The Longwood Foundation, which previously gave $1 million to the Strategic Response Fund, has pledged an additional $500,000, contingent upon the DCF raising a matching $500,000 from the community.

To date, the fund has received $2.3 million, with another $1.1 pledged. Among the new contributions to the fund last week is a $50,000 contribution from M&T Bank.

The deadline for the next round of awards is Monday, April 13, at noon. The application is open at delcf.org/covid-grants.

The Delaware Does More COVID-19 Rapid Response Fund, managed by United Way of Delaware (UWDE) as part of a coordinated statewide relief effort, also released an additional $90,000 in community investments aimed at helping Delawareans struggling to find food, shelter, utilities and rent assistance, and other critical services in the wake of the COVID-19 crisis. The second round of funding followed an initial $150,000, which was disbursed on March 27th.

Second round recipient organizations were selected by a committee of funders including United Way of Delaware, the Santora Group CPAs, Delmarva Power, DuPont, Chesapeake Utilities Corp. and Highmark Health. Recipients were chosen for the strength of their on-the-ground operations in key population areas across the state, and because each has the scope, scale and experience to manage emergency relief efforts. Recipients were:

  • Catholic Charities ($25,000)
  • First State Community Action Agency ($30,000)
  • Latin American Community Center ($25,000)
  • Modern Maturity Center ($5,000)
  • Delaware 211 ($5,000)

“More than three weeks into this crisis, the Rapid Response Fund is helping close resource gaps as an increasing number of Delawareans are turning to the Fund for assistance with critical human needs, said United Way of Delaware President and Chief Executive Officer Michelle A. Taylor.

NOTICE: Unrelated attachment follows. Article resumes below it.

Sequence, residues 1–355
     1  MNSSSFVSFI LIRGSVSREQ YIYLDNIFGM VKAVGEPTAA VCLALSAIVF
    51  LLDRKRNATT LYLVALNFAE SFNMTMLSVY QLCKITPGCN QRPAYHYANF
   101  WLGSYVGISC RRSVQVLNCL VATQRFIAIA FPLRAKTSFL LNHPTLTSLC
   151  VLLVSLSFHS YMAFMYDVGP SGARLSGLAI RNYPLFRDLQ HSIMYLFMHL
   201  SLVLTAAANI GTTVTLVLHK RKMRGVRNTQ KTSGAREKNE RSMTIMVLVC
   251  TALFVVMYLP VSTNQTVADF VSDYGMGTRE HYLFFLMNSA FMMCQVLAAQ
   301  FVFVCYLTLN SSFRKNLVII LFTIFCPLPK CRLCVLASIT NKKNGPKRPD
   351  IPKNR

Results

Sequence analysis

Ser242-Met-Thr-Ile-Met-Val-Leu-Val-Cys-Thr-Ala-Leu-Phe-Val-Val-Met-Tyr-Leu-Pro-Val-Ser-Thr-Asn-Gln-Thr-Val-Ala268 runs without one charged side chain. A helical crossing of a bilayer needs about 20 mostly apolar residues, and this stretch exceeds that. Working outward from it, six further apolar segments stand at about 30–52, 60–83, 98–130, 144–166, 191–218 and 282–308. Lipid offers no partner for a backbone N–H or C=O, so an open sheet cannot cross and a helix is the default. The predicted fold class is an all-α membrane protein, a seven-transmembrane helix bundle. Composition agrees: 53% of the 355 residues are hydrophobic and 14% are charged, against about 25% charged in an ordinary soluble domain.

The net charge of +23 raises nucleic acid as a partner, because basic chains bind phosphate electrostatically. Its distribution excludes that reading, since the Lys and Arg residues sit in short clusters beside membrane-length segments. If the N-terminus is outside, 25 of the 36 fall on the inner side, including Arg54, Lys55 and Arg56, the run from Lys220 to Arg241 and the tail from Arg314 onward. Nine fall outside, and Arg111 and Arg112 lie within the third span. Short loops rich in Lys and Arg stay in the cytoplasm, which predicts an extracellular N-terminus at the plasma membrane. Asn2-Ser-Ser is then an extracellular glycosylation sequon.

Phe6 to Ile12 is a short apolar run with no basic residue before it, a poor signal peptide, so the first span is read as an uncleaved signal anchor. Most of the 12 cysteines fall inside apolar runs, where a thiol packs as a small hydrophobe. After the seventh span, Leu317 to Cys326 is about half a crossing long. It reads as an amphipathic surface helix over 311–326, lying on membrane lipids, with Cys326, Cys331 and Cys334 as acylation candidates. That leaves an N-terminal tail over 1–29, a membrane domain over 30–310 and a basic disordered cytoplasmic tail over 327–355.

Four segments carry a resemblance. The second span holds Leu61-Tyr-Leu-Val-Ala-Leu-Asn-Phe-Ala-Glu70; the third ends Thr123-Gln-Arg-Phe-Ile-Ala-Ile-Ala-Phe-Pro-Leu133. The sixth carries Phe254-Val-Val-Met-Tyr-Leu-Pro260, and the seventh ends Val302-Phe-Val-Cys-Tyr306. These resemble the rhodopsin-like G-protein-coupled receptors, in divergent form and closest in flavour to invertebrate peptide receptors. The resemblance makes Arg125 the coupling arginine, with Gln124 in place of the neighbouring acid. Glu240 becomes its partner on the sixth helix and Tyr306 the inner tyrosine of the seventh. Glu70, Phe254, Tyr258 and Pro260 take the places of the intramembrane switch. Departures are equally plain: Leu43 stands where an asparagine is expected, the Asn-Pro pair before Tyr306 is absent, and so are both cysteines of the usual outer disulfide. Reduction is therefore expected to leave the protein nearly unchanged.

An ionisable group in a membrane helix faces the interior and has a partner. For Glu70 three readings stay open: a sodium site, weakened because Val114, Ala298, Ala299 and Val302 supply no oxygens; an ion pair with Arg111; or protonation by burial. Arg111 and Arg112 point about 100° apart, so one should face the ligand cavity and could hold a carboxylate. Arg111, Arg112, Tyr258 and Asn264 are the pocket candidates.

In response to the COVID-19 crisis, the Delaware Fund for Women re-directed a $200,000 gift that had been earmarked for programming impacting women and girls, into support for both the Rapid Response Fund ($100,000) and the Strategic Response Fund ($100,000).

“While we recognize that these programs are vitally important to women and girls in Delaware, we also acknowledge that because of the COVID-19 crisis, we are in a very different environment today,” said Fund For Women Chair Lynn Kokjohn. “We decided to dramatically change course and to re-direct this year’s funding into the critical community work being managed by United Way and the Delaware Community Foundation.”

Also as part of its COVID-19 Emergency Response Initiative, UWDE is coordinating with the Delaware Emergency Management Agency, the state Division of Social Services, and the Department of Public Health to provide free access to the Delaware 211 Helpline, now expanded to seven days per week.  The 211 Helpline is available to connect residents, including the newly unemployed, with resources to address food insecurity, assistance with housing and utilities expenses, and other critical service needs. And for those who are able to assist in this crisis, UWDE is also providing volunteer matching services through its UVolunteer web portal